We made a quick detour to a very quiet mosque which was even more blue than the Blue Mosque. After the sweet treats we had some pidecisi, the boat shaped Turkish take on a pizza. We enjoyed some Ayran with our meal – the salty yoghurt drink is often drank for it’s probiotics to stabilize the stomach, especially if you are eating street food!
In Istanbul there are whole streets dedicated to certain products or specialities, like a sewing machine street. We headed for the “scale street” where, after stopping some more tea, we were ushered into a sweet shop where we tried some Lokum, halva and akide sekeri. This shop we also came back to visit later and on our last day, where we met a videographer from New York who flew in that morning after hearing about the place the previous evening!
Next stop was Sika, where they sell Vefa boza, a fermented bulgur drink that was said to be natures Red Bull. Çerefe (cheers)!
Our tour ended at Sirit Seret where we sat around a table and enjoyed buryan kebap (baby lamb), an almond, raisin, pinenut pilaf covered with dough which is then baked and a side order of azeme (pomegranate, olives, parsley, sumac and oregano).
The Istanbul Eats culinary tour was so worth it and was a fabulous way of seeing Istanbul. I would definitely recommend it to any one going to Istanbul for the first or hundredth time!
After the tour we went back to the hotel to freshen up and went off to see Topkapi Palace which we kind of floated through, trying to take in all it’s beauty.
We made a trip up to the Basilica Cistern the next day. I loved the two Medusa heads in the columns, one was upside down – I really enjoyed this eerie space. Fortunately the Cistern wasn’t too busy because there weren’t any cruise ships docked – cool little trick we learned online, check when cruise ships are in the harbor and avoid any sightseeing that day.
Ofcourse, we walked around in the Grand Bazaar, overwhelmed by all the colours and textures of spices, fabrics, soaps and metal ware. We also by chance came across a string spinster, something you wouldn’t see just anywhere, who invited us into his workshop to watch him work.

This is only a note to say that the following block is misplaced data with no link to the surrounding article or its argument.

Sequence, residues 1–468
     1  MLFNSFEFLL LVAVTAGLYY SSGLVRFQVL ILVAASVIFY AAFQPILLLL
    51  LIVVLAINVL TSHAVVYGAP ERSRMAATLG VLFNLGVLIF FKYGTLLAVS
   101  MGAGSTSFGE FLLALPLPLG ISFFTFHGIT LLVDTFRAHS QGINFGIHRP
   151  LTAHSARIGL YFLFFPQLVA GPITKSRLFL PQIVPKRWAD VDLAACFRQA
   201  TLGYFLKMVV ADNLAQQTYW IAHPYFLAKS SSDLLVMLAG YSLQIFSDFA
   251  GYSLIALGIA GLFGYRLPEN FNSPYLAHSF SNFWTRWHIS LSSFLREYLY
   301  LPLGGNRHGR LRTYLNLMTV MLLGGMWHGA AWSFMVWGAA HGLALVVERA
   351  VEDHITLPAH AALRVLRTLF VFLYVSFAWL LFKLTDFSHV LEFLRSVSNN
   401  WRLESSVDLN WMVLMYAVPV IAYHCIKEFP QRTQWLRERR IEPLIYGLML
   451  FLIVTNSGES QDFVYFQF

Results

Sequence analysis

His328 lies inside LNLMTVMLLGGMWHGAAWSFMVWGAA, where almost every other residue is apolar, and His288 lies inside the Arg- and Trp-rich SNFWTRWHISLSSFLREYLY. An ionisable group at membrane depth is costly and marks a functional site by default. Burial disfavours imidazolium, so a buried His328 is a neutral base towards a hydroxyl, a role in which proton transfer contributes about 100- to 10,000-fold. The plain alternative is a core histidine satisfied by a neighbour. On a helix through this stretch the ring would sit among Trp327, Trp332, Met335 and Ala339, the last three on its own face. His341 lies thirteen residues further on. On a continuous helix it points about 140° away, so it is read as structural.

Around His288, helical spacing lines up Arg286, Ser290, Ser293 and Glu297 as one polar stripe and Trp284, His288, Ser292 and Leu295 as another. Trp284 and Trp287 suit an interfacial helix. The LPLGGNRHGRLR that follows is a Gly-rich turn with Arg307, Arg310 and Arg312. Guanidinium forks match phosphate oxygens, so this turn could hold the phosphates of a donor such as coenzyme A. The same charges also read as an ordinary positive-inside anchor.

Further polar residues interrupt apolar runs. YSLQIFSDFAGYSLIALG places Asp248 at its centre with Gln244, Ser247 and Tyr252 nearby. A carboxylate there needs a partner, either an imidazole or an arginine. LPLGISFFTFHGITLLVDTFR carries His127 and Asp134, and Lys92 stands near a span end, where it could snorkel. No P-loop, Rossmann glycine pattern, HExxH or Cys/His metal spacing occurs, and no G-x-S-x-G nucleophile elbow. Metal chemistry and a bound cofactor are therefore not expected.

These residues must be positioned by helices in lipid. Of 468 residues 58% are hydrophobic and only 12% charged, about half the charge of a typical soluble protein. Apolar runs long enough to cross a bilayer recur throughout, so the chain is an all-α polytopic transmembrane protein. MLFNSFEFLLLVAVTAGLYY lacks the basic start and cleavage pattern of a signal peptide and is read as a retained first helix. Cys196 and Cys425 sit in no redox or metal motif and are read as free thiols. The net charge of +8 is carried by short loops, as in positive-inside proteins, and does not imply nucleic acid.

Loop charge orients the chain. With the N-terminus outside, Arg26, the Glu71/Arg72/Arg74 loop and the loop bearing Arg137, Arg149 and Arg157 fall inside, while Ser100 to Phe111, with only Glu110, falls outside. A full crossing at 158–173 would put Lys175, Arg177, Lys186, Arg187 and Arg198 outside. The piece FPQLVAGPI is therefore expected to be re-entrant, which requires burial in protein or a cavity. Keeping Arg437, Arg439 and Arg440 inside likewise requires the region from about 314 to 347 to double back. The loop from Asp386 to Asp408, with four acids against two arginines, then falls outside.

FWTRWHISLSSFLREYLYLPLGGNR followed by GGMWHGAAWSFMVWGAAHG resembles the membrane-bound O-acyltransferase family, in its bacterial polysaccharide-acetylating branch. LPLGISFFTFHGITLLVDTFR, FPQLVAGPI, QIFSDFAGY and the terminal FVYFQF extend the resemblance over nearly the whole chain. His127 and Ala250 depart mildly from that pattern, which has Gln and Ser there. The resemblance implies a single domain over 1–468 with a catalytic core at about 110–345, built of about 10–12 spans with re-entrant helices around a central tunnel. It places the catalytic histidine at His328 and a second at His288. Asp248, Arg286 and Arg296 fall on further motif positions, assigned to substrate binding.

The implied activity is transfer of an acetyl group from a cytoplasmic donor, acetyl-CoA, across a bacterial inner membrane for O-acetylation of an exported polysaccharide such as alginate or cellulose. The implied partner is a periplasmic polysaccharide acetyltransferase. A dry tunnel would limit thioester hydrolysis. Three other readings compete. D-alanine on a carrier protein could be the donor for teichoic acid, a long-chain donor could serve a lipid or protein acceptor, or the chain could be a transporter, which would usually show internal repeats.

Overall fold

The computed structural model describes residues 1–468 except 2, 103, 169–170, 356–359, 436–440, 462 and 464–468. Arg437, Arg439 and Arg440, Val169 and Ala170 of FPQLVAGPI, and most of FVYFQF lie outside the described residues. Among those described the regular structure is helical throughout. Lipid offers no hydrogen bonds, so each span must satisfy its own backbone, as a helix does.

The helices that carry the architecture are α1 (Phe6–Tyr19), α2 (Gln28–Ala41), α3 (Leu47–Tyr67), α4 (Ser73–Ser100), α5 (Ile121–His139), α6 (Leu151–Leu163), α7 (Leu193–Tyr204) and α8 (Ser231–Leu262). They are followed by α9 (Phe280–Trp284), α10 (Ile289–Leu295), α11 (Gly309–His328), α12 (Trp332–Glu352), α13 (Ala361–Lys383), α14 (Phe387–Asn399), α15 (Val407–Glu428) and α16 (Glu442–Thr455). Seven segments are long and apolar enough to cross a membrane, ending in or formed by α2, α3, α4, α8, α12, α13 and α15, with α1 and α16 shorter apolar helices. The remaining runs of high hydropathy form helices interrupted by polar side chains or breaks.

We then made our way to the Ayasophia via the hotel and stood in a pretty short queue to get in. It’s apparently better to try get in after 4 as there is usually less people! It’s so stunning inside and I loved the chandeliers and mosaics upstairs.
The one morning we took the tram to Kabatsh, walking all the way up to Orkatoy where we had coffee at Dorns Café. We then walked all the way from Orkatoy back to Kabatash, to Taksim (where we stopped at Simit Sarayi), down Istakal (where I found some nice clothes off the street) and back to Galata. That was a pretty long walk that tested our relationship on a hunger level we had not yet encountered!
On our last morning we went to hang out at Gulhane Park. A beautiful garden with tall trees, lots of cats and odd sculptures of bears, girls and squirrels. We strolled through the gardens towards the Bosphorus and had our last simit and a tea for two before heading for the airport back home.
Originally, Istanbul wasn’t part of our planning for this trip and I’m just so happy we ended up going. It was nothing like any of the other European destinations which was really refreshing. I would most definitely go back to experience the flavours, smells and sights all over again!
This trip inspired me so much (I’m even selling simit here in Cape Town now!) and has made me hungry for more and more travel.